iTunes Music Store a Hit in Japan

By all accounts, it appears as if the launch of Apple's iTunes Music Store in Japan has been a success. Apple on Sunday announced that the music store had sold one million tracks in just four days - the best start for any of its 20 international music stores.

In comparison, it took the United States version of the store a full week to hit one million downloads.

"iTunes has become Japan's number one online music store in just four days," Steve Jobs, Apple’s CEO said in a statement Sunday. "iTunes has sold twice as many songs in just four days as all the other online music services in Japan sell in one month."


Analysts had publicly doubted that a music store that focuses on music downloads to a user's computer could succeed in the country due to the intricacies of the market. Japanese analysts said that there is no market for downloading music to a PC - only mobile phones.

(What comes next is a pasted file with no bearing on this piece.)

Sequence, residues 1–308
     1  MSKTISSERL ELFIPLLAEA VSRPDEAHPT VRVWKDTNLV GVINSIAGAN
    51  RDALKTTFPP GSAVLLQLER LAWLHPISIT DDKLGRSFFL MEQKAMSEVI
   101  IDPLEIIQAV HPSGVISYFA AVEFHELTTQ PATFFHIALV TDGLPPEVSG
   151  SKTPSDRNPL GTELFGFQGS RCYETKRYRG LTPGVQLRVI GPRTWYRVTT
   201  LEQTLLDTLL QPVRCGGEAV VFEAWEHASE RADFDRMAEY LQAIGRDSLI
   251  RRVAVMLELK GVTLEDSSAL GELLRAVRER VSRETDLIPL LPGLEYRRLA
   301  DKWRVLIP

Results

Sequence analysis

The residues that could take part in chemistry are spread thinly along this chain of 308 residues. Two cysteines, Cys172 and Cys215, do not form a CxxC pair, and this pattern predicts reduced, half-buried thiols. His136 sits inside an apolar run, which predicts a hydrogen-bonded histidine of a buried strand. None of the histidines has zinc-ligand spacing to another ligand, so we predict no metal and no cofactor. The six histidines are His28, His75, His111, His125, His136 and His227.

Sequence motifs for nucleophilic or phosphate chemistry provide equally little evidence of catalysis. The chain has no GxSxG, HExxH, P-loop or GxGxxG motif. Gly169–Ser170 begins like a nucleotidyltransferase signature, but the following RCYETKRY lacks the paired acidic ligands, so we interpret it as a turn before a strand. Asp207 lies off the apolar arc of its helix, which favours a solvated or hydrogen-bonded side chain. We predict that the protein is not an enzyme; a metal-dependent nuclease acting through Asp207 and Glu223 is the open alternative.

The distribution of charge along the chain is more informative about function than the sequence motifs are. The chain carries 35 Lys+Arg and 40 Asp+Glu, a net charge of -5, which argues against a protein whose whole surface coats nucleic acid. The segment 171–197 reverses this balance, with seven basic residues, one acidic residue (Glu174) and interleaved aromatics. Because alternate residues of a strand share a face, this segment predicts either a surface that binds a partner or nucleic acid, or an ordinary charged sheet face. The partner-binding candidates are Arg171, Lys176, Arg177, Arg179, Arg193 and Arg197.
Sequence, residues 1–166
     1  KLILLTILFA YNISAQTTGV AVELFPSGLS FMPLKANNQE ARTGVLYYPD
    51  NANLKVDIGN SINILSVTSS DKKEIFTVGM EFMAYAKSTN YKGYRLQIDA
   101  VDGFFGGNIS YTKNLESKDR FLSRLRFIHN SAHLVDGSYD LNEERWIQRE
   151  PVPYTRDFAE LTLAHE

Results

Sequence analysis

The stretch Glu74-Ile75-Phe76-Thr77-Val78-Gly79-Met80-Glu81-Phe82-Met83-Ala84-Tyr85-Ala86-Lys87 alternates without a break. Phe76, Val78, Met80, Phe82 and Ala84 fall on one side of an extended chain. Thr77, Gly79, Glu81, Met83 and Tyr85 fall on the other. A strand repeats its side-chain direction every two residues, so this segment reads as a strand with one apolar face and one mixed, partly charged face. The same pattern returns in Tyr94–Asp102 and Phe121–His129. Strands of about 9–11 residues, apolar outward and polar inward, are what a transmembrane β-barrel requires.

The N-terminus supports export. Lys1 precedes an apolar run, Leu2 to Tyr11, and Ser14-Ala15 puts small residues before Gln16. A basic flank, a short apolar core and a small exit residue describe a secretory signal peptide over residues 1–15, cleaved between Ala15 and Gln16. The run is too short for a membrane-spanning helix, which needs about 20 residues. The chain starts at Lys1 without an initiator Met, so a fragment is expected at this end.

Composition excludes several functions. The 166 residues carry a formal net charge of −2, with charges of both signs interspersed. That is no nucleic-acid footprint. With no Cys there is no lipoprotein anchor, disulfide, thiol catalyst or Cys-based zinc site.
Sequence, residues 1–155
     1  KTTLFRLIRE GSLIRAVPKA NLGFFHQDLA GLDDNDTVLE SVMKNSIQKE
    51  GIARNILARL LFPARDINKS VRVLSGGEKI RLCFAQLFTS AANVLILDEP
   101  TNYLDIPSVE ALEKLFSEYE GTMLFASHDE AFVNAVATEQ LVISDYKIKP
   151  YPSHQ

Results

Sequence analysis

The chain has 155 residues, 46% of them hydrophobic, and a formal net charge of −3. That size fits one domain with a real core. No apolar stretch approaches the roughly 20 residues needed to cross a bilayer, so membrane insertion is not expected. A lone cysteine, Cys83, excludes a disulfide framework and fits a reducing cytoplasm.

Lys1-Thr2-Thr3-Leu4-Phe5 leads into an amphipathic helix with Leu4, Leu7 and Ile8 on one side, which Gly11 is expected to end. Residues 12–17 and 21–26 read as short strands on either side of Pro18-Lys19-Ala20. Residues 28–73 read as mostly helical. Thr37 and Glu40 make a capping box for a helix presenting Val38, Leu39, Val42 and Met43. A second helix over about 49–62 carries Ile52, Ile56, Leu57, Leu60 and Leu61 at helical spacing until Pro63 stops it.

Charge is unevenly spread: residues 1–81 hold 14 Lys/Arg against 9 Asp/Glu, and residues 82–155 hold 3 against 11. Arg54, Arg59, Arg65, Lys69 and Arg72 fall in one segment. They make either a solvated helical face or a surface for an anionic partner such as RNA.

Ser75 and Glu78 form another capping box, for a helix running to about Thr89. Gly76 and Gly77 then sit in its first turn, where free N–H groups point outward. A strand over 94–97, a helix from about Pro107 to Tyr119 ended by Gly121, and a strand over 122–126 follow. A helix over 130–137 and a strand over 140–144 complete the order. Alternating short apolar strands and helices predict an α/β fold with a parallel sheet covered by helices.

Currently, such a feature is not supported. However, the response to iTunes indicates that there was indeed a market for PC downloads of music, but competing services were not compelling enough for consumers.

One possible reason might be price. iTunes songs are priced at either 150 yen ($1.35) or 200 yen ($1.80); competing services charge about twice as much. Apple has already passed rival Sony, which sees about 450,000 downloads in Japan per month.

But there is still work to be done, according to Apple executives. Sony's music label has still not signed on to list its catalog on iTunes, which includes some extremely popular Japanese artists. Apple would not comment on the status of talks, but did express optimism that the label would eventually join.

According to Apple, with the addition of Japan, the company now reaches about 85 percent of the global music market.

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